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Backpacker Magazine – December 2007

Backcountry Survival: How to Survive in the Backcountry

There's a backcountry killer on the loose, and it's not hypothermia, grizzly bears, or rockfall. The thing mostly likely to maim you on your next hiking trip is living inside your head.

by: Mark Jenkins


To illustrate, Heilman uses a typical bear encounter. "The visual system recognizes the bear. The cognitive system says 'Hey, bears can hurt people.' This sends a message to the amygdala, an almond-shaped organ in the brain that chemically mediates many external experiences and is responsible for triggering the fight-or-flight response. The amygdala talks to the hypothalamus, which sits just above the brain stem and relays messages to the pituitary gland, a marble-sized organ directly below it. The pituitary gland signals the adrenal glands, and the result is a full-body sympathetic nervous system response—increased heart rate, sweaty palms, and all the rest.

Simultaneously, a message is sent to the locus coeruleus, a storehouse of hormones located in the brain stem to secrete norepinephrine. A small dose of this hormone increases the sensitivity of the neurons in the cerebral cortex, explaining why a certain level of stress can improve performance. (Elite athletes excel here; witness Tiger Woods winning the Masters or Venus Williams winning Wimbledon.) But Heilman says too much norepinephrine actually inhibits the knowledge and problem-solving areas of the brain.

"Increased norepinephrine causes you to focus on the external stimuli, but hinders your ability to create a long-term plan," says Heilman. "Think of a child with attention deficit disorder. Putting these children on medications such as Ritalin (norepinephrine) allows them to allocate their attention to the teacher." But when you get into trouble, you want to be in your head. Otherwise, you make stupid mistakes.

Kodikian and Coughlin repeatedly misread reality—failing to find the trail they'd walked in on; hiking in the blazing heat to the wrong rim; and, finally, convincing themselves that they were dying when they weren't.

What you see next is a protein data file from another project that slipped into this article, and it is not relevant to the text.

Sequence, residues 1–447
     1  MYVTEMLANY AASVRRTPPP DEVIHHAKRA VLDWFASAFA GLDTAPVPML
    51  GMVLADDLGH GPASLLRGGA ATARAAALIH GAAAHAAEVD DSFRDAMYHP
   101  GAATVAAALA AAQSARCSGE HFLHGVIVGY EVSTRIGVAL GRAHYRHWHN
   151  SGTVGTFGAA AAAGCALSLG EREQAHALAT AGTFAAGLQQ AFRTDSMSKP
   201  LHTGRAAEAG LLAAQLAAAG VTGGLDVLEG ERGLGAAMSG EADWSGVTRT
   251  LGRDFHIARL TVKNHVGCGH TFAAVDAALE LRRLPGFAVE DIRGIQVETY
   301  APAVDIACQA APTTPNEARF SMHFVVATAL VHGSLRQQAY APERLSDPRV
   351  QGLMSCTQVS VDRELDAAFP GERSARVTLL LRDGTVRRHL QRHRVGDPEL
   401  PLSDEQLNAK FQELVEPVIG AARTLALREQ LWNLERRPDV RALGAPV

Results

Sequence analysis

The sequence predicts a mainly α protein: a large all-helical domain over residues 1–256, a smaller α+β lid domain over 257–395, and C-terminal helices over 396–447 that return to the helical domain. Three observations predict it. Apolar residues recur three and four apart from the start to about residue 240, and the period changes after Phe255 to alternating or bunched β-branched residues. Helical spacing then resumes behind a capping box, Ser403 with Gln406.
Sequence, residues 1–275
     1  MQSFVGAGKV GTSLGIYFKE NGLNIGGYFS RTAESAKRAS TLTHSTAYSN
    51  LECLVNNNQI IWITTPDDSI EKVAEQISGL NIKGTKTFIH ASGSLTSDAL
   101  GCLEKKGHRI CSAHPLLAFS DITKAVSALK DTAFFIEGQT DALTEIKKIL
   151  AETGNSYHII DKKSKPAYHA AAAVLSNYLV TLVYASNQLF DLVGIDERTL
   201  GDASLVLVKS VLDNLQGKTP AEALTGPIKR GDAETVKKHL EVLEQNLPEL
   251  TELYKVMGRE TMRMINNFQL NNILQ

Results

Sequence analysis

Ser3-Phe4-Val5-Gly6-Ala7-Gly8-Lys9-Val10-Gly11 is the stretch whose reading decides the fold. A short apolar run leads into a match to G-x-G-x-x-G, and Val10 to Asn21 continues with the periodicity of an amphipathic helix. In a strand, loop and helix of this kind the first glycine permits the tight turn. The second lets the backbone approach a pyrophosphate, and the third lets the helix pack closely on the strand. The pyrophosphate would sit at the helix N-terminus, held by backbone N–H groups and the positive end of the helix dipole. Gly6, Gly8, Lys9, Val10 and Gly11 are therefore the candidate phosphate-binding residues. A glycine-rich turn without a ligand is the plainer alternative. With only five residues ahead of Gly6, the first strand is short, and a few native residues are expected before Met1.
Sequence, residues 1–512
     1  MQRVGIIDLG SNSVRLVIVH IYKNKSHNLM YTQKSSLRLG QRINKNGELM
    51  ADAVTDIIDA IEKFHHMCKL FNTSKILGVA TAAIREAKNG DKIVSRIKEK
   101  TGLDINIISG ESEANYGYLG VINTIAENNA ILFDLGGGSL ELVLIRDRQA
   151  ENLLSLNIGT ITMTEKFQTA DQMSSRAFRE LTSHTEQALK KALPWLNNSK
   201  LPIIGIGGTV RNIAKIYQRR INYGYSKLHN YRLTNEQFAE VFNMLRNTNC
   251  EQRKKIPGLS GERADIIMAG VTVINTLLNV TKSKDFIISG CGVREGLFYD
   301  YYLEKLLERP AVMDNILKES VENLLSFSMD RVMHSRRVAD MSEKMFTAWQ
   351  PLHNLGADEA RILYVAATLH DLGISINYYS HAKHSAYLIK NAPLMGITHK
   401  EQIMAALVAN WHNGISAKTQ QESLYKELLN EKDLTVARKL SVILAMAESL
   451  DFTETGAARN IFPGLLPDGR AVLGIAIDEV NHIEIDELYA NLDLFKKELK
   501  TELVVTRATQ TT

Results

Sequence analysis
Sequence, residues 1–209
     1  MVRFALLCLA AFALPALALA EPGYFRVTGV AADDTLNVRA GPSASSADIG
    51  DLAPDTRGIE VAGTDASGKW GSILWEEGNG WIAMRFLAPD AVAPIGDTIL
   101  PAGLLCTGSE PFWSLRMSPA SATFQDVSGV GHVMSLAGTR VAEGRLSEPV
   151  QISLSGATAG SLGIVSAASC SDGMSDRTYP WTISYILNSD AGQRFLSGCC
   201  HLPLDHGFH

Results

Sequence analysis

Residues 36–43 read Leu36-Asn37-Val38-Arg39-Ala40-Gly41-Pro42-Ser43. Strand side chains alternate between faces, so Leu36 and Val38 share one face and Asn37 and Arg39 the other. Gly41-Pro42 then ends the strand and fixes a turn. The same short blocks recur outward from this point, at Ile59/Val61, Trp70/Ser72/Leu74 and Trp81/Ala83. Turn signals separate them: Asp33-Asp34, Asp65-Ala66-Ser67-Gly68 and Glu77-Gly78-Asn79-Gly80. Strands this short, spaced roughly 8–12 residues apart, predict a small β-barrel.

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READERS COMMENTS

Star Star Star Star Star
Leigh
Dec 05, 2013

Well written. It's amazing how much of life and the decisions we make simply comes down to how we choose to breathe.

Dinah Beres
Apr 20, 2011

I think every backcountry hiker and backpacker should read this.

Steve B
Apr 15, 2009

To Chris P-Zwit - What exactly does a college education have to do with someones judgement in an outdoor survival situation? It seems kind of odd that you question someone elses judgement with such a bizarre and off the wall judgement yourself...

Chris P-Zwit
Jan 03, 2009

See the movie Gerry by Gus Van Sant. It uses this story. Fear and ignorance turned into panic and despair which spiraled into confusion and over reaction. Having hitched and hiked America, you have to stay oriented and not wander too far out. These guys barely left the car and freaked out. College educated, but no street or outdoor smarts. What a sad note on "higher education."

Anonymous
Dec 16, 2008

good article, very informative, lots of good examples used to illustrate panic and solutions to it

pat
Sep 11, 2008

It would be nice to kn ow how many pages are in the article before starting

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